This past summer, a friend of mine went with Engineers Without Borders to Uganda to help build a rainwater harvesting system for the community of Bugonzi. Although this system was not made strictly with wood, I remembered her telling me about an extremely proud farmer that she met during her trip. He was working on his very own tree farm in one of the utmost dry, and rain ridden areas in Africa. When this week’s topic of discussion was related to climate change and how we will deal in our future with adjusting to it, I felt that this story would be appropriate to share.
In class we discussed the different methods of working with climate change and continuing to use natural abundant resources. We are fortunate that wood is such an easy material to obtain in the United States. Others cities, like that of Bugonzi, can not make the same claim. Wood is an extremely expensive material in some other areas of the world because they simply cannot grow strong enough trees. “He wanted to use Pine because of its strength,” my friend Delaney explained to me. She also described how different the trees looked if successfully grown; some were only a thin trunk with needles growing off of it where some had branches with pines that are more similar to what we picture. However, she said that not one tree was nearly as full of needles as they are in Minnesota.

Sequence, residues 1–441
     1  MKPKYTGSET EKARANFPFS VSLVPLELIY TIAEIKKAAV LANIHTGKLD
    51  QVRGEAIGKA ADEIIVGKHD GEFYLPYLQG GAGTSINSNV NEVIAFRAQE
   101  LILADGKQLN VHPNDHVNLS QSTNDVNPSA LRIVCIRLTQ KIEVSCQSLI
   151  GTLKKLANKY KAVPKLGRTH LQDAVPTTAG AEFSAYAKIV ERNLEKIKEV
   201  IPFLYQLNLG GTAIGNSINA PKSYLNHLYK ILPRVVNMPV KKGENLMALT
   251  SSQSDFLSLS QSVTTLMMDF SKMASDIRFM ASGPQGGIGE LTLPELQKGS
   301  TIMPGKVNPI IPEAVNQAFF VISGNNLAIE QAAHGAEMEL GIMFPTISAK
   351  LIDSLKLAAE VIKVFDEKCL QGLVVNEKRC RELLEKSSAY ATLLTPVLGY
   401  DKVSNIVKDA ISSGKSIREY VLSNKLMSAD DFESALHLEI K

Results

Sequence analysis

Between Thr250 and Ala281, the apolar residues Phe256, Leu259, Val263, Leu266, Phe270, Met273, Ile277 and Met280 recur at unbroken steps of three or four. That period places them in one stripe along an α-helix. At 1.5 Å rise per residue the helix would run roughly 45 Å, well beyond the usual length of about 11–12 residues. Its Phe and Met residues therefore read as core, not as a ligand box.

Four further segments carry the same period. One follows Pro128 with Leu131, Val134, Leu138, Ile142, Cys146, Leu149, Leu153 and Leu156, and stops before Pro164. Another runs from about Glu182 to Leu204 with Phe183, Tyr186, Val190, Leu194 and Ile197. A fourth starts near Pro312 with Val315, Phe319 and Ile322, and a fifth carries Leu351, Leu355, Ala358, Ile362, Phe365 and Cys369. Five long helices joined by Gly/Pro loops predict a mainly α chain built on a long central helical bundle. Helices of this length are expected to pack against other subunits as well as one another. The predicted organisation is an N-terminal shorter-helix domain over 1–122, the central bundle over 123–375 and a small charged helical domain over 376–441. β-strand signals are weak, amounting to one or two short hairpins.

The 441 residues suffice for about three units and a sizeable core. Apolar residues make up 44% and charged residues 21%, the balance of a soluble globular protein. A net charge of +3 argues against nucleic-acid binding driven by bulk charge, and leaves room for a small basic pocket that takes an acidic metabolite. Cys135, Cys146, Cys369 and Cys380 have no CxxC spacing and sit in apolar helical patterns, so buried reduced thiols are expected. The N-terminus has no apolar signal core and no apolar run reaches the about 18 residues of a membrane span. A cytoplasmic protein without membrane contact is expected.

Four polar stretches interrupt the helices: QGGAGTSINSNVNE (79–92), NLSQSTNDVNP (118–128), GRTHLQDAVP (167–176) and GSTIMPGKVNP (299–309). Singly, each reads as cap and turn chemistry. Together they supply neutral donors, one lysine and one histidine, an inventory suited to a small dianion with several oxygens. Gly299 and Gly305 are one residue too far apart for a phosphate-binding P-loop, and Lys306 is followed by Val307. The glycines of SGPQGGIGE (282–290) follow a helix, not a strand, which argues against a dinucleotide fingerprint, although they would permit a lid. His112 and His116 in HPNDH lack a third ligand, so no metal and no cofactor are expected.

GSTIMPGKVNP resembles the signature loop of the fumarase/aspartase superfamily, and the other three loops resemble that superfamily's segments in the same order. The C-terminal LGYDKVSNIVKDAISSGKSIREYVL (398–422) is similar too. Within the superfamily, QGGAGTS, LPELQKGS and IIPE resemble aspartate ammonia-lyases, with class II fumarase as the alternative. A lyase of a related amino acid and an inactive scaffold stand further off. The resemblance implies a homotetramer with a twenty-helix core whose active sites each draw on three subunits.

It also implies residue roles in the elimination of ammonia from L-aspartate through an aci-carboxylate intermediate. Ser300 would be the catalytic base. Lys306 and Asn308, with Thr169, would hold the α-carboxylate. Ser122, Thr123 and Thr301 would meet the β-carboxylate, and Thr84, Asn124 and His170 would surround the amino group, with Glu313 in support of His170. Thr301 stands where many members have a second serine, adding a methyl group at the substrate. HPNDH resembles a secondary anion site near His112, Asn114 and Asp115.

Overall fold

What I am getting at with this post is that as the world continues to develop, we are trying to work with the climate rather than against it. I give a lot of credit to this man in Uganda who planted trees from all over the world to gain knowledge of their capabilities in growing in a climate other than their own. If we learn from this and continue to experiment with other natural resources, we may be successful in that regard.